PracticePrompt Blog

The 1-2-4-Memory Rule. The next step – Fancy a PIMMS Anyone?

Posted in Repertoire Building and Maintenance by elwynrees on January 14, 2010


What we need now is a PIMMS, no not the drink, but a Piano Information and Music Management System (PIMMS) to organise the data on all the pieces within a managed review plan.

Towards the end of last year and as the number of pieces had grown, keeping track of where each piece was in its progress through the 1-2-4-Memory rule had become more complex, even with just a few pieces.   I ‘d been writing  details in a diary (which works after a fashion).  But something always seemed to happen to throw it off track.  It was confusing trying to re-edit and re-jig the entries.   So after some thought and based on earlier work modelling various review algorithms in Excel (see the archives), I decided to have a shot at writing a Windows application to do all this automagically….

Enter “RepBuilder“.   I hate thinking up names for things, but this one has sort off stuck.    It’s a Windows applcation that builds a database of pieces.  

 Here’s just a few examples of the things it does….

  • You enter and edit information on a piece in a dialogue such as this:

  • You create a data set of pieces (your “repertoire”).  In my case is more a statement of intent than actual ability (click on image for a larger view)…


  • The “Current” tab at the top displays the list of pieces for practice and review this week:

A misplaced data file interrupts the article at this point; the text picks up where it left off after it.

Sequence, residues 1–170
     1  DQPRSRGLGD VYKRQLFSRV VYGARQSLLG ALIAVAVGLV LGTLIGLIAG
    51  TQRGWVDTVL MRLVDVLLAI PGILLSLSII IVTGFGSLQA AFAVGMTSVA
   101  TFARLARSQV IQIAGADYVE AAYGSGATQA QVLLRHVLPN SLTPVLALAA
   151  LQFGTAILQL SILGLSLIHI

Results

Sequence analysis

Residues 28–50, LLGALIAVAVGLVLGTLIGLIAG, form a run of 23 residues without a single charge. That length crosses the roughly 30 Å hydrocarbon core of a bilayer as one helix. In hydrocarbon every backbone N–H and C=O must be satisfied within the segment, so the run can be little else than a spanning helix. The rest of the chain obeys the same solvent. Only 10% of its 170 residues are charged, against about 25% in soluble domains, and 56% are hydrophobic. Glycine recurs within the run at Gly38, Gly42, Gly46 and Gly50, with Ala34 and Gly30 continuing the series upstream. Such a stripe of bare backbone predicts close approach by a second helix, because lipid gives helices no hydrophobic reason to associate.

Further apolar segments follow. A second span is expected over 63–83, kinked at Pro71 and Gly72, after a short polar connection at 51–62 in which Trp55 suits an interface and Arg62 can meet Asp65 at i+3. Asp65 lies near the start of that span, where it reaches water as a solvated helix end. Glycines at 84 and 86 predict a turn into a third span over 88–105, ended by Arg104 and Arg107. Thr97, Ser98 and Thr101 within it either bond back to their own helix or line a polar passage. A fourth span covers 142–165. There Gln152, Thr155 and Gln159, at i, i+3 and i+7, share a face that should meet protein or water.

• Each week the program ‘moves’ the active pieces automatically and  sequentially through a series of study tasks:


The list of tasks has been expanded from those of the core 1-2-4-memory rule set.  Pieces can initially be entered as “Inactive” (do nothing), or “Activate” (and appear as ‘Week1’ learners after the next  weekly rollover cycle).  At the end of the routine cycle, they enter a period of autmatically increasing monthly reviews.  You can always tweak the status of an individual piece if you want to retain it in “review” longer or have additional initial study weeks.

On a preset day and and after a preset time (e.g after 02.00am on a  Saturday morning) it cycles all the pieces in accordance with the 1-2-4-Memory rule  and updates the worklist of pieces on the “Current” tab.  All these events are logged and auditable and the process is transparent.

The use and development of this program is going to be a fun project for this year. Meanwhile, I simply must get back to doing some practice at the piano keyboard rather than this one!!!!


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